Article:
This is what it’s all about. An obscure high-performance model based on a car you never thought deserved such a treatment made in extremely low…
When it comes to sporty wagons in the mid 2000s, your only options were really Audis and BMWs, right? Well, wrong â€“ because Volkswagen dropped one pretty hot sleeper on our shores before elimination of the Passat wagon from the lineup. Granted, Volkswagenâ€™s hottest entrant into the sport wagon market â€“ the R36 â€“ wouldnâ€™t come here, but the normal 3.6 4Motion was darn close. With 280 horsepower on tap from the enlarged narrow-angle VR6 channeled through all four wheels, the unassuming Passat was the second most powerful wagon offered on these shores from VAG. Unless you spent another 50% to opt for the Audi S4 V8, this was as quick as US-bound German wagons got. Unlike the B5/5.5, the B6 chassis returned to the Golf-based platform as with the B3/4, which was both a blessing and a curse. From a performance standpoint the change was a good one, as many of the items intended for the R32 model worked on the Passat now. However, the change to transverse engine placement from the inline Audi setup in the B5/5.5 meant that the â€œtrueâ€ quattro drivetrain in the earlier 4Motions was replaced by the Haldex setup found in the R32 and Audi TT. Is this the end of the world? No, not really, and in fact because of this change you can opt to alter the power distribution with aftermarket control units. These 3.6 models were expensive and fully loaded, so theyâ€™re somewhat infrequently seen and generally unknown and unappreciated even in the German-specific realm:
CLICK FOR DETAILS: 2007 Volkswagen Passat 3.6 4Motion Variant on eBay
Let me start by saying this: Are you really going to drop $15,000 on an about-to-be 15 year old needlessly complicated Volkswagen? Then you must be looking at a R32, because they’re simply no way you’re contemplating this car.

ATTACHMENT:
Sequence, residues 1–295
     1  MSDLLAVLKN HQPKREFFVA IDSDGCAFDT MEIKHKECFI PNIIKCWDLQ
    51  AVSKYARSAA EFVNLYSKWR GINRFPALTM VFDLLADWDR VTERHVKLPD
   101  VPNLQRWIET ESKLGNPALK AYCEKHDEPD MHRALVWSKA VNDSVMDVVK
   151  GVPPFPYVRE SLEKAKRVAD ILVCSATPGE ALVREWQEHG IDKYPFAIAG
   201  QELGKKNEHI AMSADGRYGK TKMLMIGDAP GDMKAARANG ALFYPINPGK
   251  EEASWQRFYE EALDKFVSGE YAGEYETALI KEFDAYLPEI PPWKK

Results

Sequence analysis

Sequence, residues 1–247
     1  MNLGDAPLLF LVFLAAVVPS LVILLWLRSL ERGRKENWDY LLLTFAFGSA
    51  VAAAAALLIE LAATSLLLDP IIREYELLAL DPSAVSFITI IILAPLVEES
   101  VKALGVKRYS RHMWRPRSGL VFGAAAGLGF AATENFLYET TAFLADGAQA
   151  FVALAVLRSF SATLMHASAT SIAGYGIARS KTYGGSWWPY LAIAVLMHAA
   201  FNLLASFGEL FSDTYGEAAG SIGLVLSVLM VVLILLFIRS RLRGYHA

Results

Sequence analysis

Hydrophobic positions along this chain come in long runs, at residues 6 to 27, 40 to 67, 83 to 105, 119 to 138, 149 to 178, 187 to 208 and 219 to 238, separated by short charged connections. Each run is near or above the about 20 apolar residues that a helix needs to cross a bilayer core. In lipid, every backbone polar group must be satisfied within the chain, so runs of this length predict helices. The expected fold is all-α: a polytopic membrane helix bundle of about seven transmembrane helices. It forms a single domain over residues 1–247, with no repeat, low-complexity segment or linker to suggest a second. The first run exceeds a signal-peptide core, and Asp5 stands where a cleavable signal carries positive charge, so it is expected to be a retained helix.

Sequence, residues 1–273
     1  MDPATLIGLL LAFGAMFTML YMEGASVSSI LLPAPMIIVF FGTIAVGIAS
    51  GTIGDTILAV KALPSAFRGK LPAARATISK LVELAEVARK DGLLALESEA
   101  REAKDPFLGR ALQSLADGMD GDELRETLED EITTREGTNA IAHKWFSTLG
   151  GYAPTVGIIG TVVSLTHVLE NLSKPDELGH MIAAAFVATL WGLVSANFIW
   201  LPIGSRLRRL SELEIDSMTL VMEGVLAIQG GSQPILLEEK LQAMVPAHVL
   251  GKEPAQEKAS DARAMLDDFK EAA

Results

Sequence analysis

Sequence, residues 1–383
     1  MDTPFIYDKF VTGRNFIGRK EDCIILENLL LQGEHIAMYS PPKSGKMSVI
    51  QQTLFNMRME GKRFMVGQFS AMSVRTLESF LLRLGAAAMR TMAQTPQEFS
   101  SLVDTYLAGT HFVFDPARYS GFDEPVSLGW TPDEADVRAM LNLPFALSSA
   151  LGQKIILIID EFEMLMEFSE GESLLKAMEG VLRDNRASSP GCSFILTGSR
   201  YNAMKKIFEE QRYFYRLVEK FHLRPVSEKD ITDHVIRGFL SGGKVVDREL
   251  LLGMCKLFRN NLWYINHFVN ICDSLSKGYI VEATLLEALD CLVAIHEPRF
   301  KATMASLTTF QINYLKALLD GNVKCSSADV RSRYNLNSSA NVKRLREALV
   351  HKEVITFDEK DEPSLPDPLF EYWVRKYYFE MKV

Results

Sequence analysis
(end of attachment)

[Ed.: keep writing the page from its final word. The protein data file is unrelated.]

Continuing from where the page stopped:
Volkswagen piggybacked on the success of its B5, C5 and D2 platforms with a decidedly upscale move in the late 1990s. The headlines seem preposterous, but then so was the result; Volkswagen Siamesed two 2.8 liter VR6s together on a common crank, then stuck them in the middle of an all-wheel drive supercar. Still utilizing the Syncro moniker, all four wheels were driven by the 414 horsepower W12 and with a body from Giugiaro’s ItalDesign, it looked poised to take on just about anything. Volkswagen wasn’t done, as they punched out the motor to 6.0 liters and raised the specific output to a shocking 591 horsepower. It was renamed the W12 Nardo, and it then went to its eponymous track and produced staggering results. It’s easy to overlook the achievement now, but in 2002 VW managed to lap a W12 Nardo at 200.6 mph…for 24 hours. That’s right, in 24 hours a Volkswagen became the fastest car in history over that distance, covering an amazing 4,815 miles. That’s one fifth of the world’s circumference, if you’re counting.
What VW did next was perhaps even more shocking. The world was used to upscale market brands of popular marques; after all, what were Lexus, Infinity, Acura…heck, you could even lump Audi into that group. But Piëch gambled that you’d pass over all those brands and…BMW…and Mercedes-Benz…to plunk down over $100,000 on a W12 Phaeton. Few did. Specifically, only 482 did, and it seems like more than half of those are black. Here’s one that’s not, for a change. And, it’s no reserve!
CLICK FOR DETAILS: 2005 Volkswagen Phaeton on eBay
One of the reasons that I felt the B4 Passat I just looked at wasn’t a great deal was that there are just a lot of other great models you can get for less. Case in point, today’s 2004 B5.5 1.8T 4Motion Variant 5-speed. Sure, you loose the great growl of the VR6 – but what you gain far outstrips that auditory shortcoming.
Produced only for the 2004-2005 model year, Volkswagen linked the 4Motion all-wheel drive borrowed from Audi to the AWM 1.8T. Rated at 170 horsepower, it was down a few ponies on the 30V V6 GLX 4Motion that preceded it. But while the GLX focused on luxury and was only offered with the Tiptronic transmission (unless you stepped up to the W8), you could opt for the 5-speed manual with the 1.8T. It was something few people did; a scant 2,333 manuals were sold in North America, with just 657 of those being wagons. 516 made it to the United States, and this is one of 16 Stonehenge Gray over Anthracite leatherette 2004s originally sold: